Reporting from Mexico City and Morelia, Mexico — When 35 mayors, prosecutors, police chiefs and other officials in the state of Michoacan were hauled into jail and accused of taking bribes from a cartel last year, it looked as if the federal government was finally attacking the political collusion that has long nurtured the drug gangs.
But instead of heralding a bold new front in Mexican President Felipe Calderon's 4-year-old drug war, the case has turned out to be an embarrassing example of how that offensive is failing.
More than a year later, the prosecution is in ruins.
Judges ruled that the evidence was too flimsy, and all but one of the suspects has been freed. Many have returned to their old jobs, accusing the government of a politically motivated witch hunt during an election season.
The high-profile collapse underscores fundamental defects in the Mexican criminal justice system, including the country's ministerios publicos, a combination detective and prosecutor. These officials are poorly paid, frequently lack professional training and have been known to throw cases in exchange for bribes or to escape possible retribution.
"This is the weak link of the Mexican criminal justice system," said John Mill Ackerman, a law professor at the National Autonomous University of Mexico and editor in chief of the Mexican Law Review. "If the ministerio publico doesn't do its job right — even if you have an honest judge — you're not going to be able to convict."
An examination of the sealed case file shows that prosecutors relied on circumstantial evidence that didn't hold up under judicial scrutiny and on three anonymous paid informants whose testimony consisted largely of hearsay.
Court files in criminal cases in Mexico, unlike in the United States, are not public. The Times obtained the file from participants in the case, opening a rare window onto the workings of the Mexican judiciary.
Some suspects were accused of accepting tens of thousands of dollars a month from La Familia, the dominant cartel in Michoacan, according to the court filings. But there was no sign that investigators found or even looked for proof in the accused officials' financial holdings or telephone records.
In affidavits, Mexican federal police described stakeouts in which they watched alleged drug figures hand suitcases and envelopes to people the officers said they believed to be corrupt officials. But investigators were not sure of the identities of the recipients, and the file contains no evidence that they ever determined what was in the bundles. The accused officials denied they were at such meetings.
The disintegration of the case has added to skepticism among Mexicans already mistrustful of the justice system. The Calderon government's suggestion that judges acted improperly won't do much for public confidence either.
"If even a case with so much resonance and so much attention can't end in conviction," political analyst Alfonso Zarate asked, "what can we expect from the rest of the cases that don't claim as much attention?"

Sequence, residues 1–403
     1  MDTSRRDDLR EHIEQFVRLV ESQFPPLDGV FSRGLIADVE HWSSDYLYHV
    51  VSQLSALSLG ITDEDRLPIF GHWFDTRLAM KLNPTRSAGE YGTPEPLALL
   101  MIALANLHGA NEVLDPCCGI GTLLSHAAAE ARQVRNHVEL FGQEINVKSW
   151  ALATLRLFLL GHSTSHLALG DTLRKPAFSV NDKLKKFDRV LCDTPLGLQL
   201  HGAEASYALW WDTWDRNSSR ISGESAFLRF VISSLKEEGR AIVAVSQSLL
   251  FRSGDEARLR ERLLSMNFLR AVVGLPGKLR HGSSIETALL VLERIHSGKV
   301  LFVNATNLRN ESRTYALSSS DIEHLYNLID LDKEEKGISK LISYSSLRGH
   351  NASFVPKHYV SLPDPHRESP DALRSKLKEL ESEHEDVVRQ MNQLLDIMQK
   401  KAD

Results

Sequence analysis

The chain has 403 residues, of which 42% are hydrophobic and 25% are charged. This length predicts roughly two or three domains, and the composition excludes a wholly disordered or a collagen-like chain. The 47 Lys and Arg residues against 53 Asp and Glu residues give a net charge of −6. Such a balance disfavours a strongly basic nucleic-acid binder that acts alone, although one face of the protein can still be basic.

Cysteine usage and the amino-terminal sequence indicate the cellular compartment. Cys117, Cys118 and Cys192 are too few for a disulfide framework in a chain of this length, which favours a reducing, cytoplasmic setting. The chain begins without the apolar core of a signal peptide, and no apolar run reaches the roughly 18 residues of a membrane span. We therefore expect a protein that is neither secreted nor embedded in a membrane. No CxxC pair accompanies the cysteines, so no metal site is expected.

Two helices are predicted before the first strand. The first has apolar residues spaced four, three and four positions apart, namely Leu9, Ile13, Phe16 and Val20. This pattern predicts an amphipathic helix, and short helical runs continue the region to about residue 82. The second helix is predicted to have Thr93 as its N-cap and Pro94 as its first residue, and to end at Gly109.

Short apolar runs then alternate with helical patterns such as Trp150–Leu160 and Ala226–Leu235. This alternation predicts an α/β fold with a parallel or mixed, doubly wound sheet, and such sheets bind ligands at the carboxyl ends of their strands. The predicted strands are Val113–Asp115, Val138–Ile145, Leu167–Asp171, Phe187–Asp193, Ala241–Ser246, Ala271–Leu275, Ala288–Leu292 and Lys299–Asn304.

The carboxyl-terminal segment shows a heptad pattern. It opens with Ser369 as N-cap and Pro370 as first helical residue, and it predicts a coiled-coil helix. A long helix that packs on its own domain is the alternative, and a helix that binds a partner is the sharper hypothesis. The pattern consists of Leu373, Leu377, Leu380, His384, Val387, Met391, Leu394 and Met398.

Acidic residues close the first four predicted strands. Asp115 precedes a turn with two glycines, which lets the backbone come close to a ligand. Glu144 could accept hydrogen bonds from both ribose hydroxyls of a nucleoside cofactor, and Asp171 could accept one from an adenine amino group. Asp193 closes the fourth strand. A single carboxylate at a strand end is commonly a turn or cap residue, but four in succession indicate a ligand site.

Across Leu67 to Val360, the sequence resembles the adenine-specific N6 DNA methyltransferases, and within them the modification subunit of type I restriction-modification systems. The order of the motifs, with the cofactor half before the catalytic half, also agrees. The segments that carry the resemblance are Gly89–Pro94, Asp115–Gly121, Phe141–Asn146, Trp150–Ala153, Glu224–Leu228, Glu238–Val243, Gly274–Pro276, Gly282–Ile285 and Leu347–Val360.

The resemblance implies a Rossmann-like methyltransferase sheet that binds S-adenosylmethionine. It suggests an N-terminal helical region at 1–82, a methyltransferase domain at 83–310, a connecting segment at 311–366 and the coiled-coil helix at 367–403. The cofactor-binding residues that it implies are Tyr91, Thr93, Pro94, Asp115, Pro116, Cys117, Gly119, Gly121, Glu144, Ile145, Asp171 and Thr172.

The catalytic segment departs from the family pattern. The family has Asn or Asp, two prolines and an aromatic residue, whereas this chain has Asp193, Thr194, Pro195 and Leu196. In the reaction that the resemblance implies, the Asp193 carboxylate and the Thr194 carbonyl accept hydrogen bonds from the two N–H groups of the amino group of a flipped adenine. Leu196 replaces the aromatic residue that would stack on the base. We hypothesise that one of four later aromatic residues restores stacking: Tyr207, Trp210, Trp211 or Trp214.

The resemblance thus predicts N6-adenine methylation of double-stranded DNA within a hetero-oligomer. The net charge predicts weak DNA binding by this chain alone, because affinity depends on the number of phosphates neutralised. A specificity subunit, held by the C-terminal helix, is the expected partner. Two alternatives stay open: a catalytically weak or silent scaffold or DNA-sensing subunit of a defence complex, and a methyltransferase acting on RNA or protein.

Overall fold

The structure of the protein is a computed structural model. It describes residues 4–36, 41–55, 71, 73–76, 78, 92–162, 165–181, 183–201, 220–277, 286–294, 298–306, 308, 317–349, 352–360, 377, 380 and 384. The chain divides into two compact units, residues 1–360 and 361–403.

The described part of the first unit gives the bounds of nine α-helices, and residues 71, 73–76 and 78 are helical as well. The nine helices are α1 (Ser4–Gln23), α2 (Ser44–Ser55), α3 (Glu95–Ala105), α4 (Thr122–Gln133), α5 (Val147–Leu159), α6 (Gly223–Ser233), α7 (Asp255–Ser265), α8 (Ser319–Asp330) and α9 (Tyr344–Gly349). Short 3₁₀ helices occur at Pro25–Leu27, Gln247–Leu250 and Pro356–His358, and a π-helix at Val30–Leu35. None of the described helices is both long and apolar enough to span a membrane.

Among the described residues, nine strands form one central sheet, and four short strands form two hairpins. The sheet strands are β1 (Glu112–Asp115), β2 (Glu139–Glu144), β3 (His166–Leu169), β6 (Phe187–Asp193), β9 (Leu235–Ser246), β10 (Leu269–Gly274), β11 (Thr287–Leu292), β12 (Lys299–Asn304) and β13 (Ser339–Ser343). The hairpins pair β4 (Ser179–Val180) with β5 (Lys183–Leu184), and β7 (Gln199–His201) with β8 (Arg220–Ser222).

La Familia, one of Mexico's newest drug cartels, has grown steadily in ruthless power and influence in Michoacan, Calderon's picturesque home state.
Unlike other criminal organizations, La Familia has deep roots in society, projects a cult-like aura and sees itself as a political player. It has penetrated city halls and police departments while maintaining tight control over methamphetamine labs and vast marijuana fields.
It had long been an open secret that numerous Michoacan officials took money to facilitate La Familia's operations or turn a blind eye. The arrests last year stunned many who thought so-called narcopoliticos were untouchable.
Ignacio Mendoza, then deputy state prosecutor for Michoacan, was on vacation in Las Vegas with his wife and friends when Mexican soldiers and federal police swept into the state May 26, 2009, in a surprise roundup. When he got word that he was among those wanted, Mendoza went home the next day and turned himself in.
He says he assumed he would give a statement and be done. Instead, he was bundled off to a row of small cells where he found his boss, state prosecutor Miguel Garcia Hurtado, and a who's who of Michoacan's political and law enforcement elite.
The indictment accused Mendoza of accepting $20,000 a month to provide La Familia with protection and to inform its henchmen about pending military operations, information to which Mendoza says he did not have access.
In an affidavit, four federal agents said they watched from a neighboring table as Mendoza and a police commander met in a Sanborn's restaurant in the state capital, Morelia, with an alleged La Familia leader known as "El Tio," or "Uncle." At the end of a 15-minute meeting, the alleged drug boss handed over a black suitcase. Its contents were not revealed, and it was not clear from the court documents examined by The Times whether any photographs were taken.
Mendoza insists the meeting never happened.